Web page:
Novartis’ Enbrel biosimilar closer to market

Amgen/Pfizer’s blockbuster Enbrel (etanercept), could have cheaper competition from Novartis, after a key US committee recommended approval.

The FDA’s Arthritis Advisory Committee voted unanimously in support of the biosimilar,  from Novartis’ Sandoz generics and biosimilars unit, for all five indications of the reference product.

These include rheumatoid arthritis, plaque psoriasis, psoriatic psoriasis, ankylosing spondylitis and polyarticular juvenile idiopathic arthritis.

Although advisory committee votes are not binding, the FDA usually follows their lead when deciding whether to approve or reject drugs.

Novartis said the committee made its recommendation based on evidence from a global development programme, showing its drug was “highly similar” to Enbrel.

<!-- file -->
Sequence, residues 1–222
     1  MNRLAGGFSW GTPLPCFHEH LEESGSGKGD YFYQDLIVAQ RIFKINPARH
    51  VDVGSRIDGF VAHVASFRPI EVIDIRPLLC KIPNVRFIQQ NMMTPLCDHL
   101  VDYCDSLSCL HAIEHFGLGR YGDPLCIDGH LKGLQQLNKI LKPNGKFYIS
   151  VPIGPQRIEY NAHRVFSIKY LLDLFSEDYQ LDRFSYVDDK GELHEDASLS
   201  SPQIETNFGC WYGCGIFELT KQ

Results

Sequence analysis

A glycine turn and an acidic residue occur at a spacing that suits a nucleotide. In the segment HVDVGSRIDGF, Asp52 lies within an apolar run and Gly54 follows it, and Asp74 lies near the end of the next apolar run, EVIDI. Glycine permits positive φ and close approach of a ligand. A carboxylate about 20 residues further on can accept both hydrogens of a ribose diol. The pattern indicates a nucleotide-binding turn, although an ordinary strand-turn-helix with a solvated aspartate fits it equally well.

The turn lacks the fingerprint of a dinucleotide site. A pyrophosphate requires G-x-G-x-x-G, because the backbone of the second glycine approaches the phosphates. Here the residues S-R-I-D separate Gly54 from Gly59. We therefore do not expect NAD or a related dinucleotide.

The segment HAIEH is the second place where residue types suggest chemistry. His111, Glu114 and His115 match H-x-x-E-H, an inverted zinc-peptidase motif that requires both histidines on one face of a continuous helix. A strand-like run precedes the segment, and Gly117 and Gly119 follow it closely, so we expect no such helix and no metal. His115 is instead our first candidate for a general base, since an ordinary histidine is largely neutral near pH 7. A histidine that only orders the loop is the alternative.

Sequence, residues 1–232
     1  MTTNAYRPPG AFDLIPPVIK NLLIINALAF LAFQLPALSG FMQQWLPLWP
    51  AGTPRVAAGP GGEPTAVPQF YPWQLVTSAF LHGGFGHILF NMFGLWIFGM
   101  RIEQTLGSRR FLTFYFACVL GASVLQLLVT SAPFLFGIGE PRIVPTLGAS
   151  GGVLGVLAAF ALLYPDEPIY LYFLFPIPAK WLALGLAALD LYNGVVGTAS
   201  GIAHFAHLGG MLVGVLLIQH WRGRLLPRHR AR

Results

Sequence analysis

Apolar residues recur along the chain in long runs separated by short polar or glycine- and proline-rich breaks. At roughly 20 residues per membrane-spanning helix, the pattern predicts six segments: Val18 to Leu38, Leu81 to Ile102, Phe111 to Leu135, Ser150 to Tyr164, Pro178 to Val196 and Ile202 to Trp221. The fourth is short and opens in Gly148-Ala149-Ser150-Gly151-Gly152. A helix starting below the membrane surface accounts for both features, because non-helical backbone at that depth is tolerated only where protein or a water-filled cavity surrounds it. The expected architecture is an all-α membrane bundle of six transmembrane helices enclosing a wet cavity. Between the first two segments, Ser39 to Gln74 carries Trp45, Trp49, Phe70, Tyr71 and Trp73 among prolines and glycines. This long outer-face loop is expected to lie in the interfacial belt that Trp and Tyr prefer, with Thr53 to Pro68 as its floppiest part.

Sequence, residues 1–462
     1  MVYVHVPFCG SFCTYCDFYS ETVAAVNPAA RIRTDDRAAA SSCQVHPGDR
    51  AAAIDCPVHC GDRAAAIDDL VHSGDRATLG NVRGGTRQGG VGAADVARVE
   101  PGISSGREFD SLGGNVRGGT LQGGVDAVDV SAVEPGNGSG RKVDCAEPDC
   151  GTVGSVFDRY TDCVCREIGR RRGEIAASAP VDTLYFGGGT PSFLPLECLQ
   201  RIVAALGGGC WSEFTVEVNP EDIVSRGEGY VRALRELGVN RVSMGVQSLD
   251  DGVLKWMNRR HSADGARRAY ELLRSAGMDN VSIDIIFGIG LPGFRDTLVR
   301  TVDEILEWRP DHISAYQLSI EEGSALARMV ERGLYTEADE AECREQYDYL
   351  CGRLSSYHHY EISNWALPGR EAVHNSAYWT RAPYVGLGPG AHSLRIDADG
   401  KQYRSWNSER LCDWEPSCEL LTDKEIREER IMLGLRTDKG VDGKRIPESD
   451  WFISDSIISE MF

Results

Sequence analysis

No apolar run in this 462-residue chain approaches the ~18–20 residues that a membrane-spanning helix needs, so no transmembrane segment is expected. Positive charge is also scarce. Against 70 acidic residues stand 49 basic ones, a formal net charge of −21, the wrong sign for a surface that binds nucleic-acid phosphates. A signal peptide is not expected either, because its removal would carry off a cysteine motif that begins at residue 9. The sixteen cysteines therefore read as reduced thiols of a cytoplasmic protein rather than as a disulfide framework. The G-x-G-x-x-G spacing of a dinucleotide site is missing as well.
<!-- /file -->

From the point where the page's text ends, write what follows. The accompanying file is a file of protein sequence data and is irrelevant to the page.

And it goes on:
The committee earlier this week recommended a biosimilar, made by Amgen, of the world’s biggest selling drugs, AbbVie’s Humira (adalimumab), for rheumatoid arthritis and other diseases.

Amgen therefore looks set to fight several legal patent battles at once – defending Enbrel, attacking AbbVie in order to launch its Humira rival, and a third legal case where it is attempting to get Sanofi-Regeneron’s rival cholesterol Praluent pulled from the market.

In 2015, Enbrel pulled in $5.4 billion in sales for Amgen – and like AbbVie with Humira, Amgen will surely defend its drug vigorously in courts, having added to its patent defences in a bid to prevent competition.

Although the original Enbrel patent ran out in 2012, Amgen has taken out another patent that it says will prevent competition until 2029.

Johnson & Johnson’s Remicade (infliximab) anti-TNF also faces biosimilar competition after a rival from Celltrion was approved earlier this year, but this has yet to be launched because of patent defences.

Biosimilars are near-copies of biologic drugs that are made in cells, and may vary slightly from the originator drug.

Regulators in the US and EU have set up separate, but rigorous regulatory pathways for biosimilars , but the US is lagging behind the EU in terms of launches so far.

 

 

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